Microsoft’s Adaptive Accessories Are Built to Be Customized

3D print your own mouse

  • Microsoft Inclusive Tech Lab has built a customizable mouse, button, and more.
  • You can easily 3D print add-ons to make the mouse fit your hand or limb.
  • Computer peripherals shouldn’t be one-size-fits-all.
Microsoft’s Adaptive Accessories placed on a while table near a laptop


Microsoft’s Adaptive Accessories let you customize mice and buttons for the perfect fit.

Back in 2018, Microsoft created the Xbox Adaptive Controller, an accessible controller that was not only easier to use standalone, but added a whole slew of neat plug-in accessories so almost anyone could play games. Today, Adaptive Accessories do the same for computer input, with the addition of 3D printing for extra customization. From RSI sufferers to people without hands, the idea is that these accessories can be made to suit them.

"Utilizing technology which provides us with better ergonomics, as well as ways to simply interrupt the repetition of working at a computer, [is a] smart way to work," educator Jordan Fabel told Lifewire via email.


The lineup consists of three main units: a two-button mouse-like puck, a set of buttons, and a hub. Of these, the mouse is the most interesting. You can use it alone, a chunky square, with a circular cap split into two buttons, but the point is it’s totally modular. You can attach a thumb breast to either side, add the "tail" to create a palm rest, or add a scroll-wheel unit. 

But you can also attach a joystick accessory to the top to make button pressing easier, and you can customize it further with custom 3D-printer parts. For example, you could create a custom tail for extra stability, to fit your limbs, or to clamp the whole thing into place. 

"A consumer with dexterity issues no longer has to worry about their inability to click a mouse using their index finger. Instead, they can use the bottom of their hand as a modified 'clicker,'" marketing analyst Jerry Han told Lifewire via email. 

The Adaptive Buttons allow similar configurations, only with buttons that can be set to trigger actions on the connected computer, and the hub lets you connect several button units together.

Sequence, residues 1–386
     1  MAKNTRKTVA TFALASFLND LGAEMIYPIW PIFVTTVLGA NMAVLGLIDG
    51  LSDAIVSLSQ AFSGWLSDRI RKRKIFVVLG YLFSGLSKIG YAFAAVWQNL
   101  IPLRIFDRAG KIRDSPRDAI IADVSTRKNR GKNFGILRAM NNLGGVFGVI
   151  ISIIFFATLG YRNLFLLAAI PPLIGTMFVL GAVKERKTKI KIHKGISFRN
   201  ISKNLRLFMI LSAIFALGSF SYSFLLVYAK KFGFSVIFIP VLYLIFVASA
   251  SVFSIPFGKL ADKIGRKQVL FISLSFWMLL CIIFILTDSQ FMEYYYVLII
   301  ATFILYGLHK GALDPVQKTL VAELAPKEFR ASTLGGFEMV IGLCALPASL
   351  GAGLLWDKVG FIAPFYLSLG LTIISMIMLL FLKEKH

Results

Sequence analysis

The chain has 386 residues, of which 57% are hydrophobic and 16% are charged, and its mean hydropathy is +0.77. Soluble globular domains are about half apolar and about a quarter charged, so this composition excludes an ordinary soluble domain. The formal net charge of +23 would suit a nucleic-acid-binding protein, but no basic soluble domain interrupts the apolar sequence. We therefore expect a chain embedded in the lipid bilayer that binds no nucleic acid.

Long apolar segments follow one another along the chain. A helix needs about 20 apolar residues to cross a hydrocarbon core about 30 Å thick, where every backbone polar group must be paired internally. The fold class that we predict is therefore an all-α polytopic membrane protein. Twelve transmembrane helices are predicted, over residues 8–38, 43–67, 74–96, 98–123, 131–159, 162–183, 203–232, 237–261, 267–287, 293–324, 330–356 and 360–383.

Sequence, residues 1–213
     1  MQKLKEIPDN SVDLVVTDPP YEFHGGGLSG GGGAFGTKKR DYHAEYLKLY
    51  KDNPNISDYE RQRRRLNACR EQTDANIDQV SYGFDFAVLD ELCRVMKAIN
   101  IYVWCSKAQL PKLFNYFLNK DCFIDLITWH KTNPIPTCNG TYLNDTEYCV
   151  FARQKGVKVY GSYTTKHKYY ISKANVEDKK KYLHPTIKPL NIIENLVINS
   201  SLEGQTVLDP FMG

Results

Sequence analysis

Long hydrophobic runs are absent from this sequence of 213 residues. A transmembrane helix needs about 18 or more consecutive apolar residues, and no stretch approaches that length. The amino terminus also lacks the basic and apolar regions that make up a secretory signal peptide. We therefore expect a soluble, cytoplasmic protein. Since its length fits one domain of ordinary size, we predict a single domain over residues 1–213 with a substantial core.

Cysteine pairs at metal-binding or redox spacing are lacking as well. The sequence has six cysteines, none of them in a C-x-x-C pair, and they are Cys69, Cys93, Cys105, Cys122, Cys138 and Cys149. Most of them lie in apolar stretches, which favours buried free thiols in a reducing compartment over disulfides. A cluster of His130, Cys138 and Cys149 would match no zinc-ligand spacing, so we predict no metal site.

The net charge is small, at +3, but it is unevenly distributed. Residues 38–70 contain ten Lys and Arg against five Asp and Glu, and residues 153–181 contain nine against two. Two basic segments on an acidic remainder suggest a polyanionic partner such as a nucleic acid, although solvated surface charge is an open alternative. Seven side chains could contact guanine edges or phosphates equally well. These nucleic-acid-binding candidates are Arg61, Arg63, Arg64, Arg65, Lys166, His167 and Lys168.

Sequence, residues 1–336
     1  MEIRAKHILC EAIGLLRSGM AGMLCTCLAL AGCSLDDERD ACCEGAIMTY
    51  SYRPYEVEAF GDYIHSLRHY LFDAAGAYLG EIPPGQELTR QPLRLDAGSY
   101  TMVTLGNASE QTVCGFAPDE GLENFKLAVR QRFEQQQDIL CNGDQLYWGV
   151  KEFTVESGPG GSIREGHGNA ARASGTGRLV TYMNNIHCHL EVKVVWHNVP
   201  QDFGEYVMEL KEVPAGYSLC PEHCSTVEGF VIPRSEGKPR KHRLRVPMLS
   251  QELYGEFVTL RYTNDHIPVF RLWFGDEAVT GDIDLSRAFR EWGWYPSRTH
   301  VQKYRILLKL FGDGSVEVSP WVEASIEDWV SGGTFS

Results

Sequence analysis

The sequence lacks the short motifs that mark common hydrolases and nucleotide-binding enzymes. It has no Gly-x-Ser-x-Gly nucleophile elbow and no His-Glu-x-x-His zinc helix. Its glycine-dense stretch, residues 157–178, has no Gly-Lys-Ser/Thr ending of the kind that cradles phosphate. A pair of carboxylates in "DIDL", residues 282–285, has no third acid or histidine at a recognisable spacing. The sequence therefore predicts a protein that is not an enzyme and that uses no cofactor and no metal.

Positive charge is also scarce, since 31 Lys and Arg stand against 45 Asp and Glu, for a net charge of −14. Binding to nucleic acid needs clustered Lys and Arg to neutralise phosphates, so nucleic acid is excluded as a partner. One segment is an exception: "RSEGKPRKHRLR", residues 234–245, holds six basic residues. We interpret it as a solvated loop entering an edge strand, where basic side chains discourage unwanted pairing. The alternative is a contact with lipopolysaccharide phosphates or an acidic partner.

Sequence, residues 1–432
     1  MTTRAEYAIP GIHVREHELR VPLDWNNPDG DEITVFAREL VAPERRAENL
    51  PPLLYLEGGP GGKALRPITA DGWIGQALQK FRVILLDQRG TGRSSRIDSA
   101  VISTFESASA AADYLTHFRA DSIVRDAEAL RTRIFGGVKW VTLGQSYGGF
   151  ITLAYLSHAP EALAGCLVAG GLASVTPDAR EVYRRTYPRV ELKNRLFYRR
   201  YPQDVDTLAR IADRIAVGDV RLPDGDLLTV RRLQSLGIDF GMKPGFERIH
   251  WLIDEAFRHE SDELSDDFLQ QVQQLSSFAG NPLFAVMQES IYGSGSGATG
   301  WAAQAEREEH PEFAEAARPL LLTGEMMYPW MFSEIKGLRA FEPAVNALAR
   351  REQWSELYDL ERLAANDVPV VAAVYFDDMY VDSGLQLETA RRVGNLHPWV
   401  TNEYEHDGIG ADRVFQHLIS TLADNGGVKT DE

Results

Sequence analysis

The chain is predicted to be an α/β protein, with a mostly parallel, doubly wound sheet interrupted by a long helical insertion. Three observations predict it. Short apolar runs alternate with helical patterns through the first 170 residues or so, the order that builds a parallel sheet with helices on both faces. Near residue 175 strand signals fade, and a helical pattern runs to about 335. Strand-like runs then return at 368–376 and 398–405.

These Adaptive Accessories join the Surface Adaptive Kit, a range of stickers, tabs, and straps that make it easier to pick up and use any tablet device, not just Microsoft’s Surface. 


Adaptive and accessible tech is becoming more common, but it’s still not quite there yet. Efforts like Microsoft’s Inclusive Tech Lab is working to make computers accessible for the widest range of people possible, but at the regular end of the market, the assumption is we’re all the exact same size and shape, and that if our bodies don’t fit the mice and keyboards that come with our computers, then somehow we’re odd. 

In reality, we all have different needs, and at the very least we require adjustments for our peripherals and devices. We would think it utterly absurd if Nike sold its sneakers in just one size, but that’s the state of the computer input device market. Even left-handed mice are a rarity.

Microsoft adaptive accessories, including a joystick for games


One of the negatives of the move to working from home is we don’t have experts to set up and kit out our workspace. A sit-stand desk, ergonomic keyboard, and perfectly-adjusted monitor arm are essential, and common in corporate offices. But at home, few of us want to spend thousands of dollars on a perfect desk setup. In fact, few of us even have the space to do it. 

It’s a shame that even these amazing gadgets from Microsoft’s Inclusive Tech Lab probably won’t be used much outside specialist needs. But why shouldn’t we customize our peripherals? After all, we buy plenty of cases for our phones, and not just ones that add bunny ears. We add cases for protection and grip, cases with rope straps to wear around our necks or across the body, and cases that let us attach camera lenses. 

Perhaps it’s a failure of marketing that keeps us from doing the same for mice and other peripherals. We might look to the kitchen for an example here. Oxo’s Good Grips range is designed for people who may have trouble using conventional kitchen gadgets. They feature oversized grips and clever designs, and are so good that they’ve become a mainstream staple. 

Imagine if accessible mice, game controllers, and so on were sold in the same way. We might all be a lot more comfortable at work.

Was this page helpful?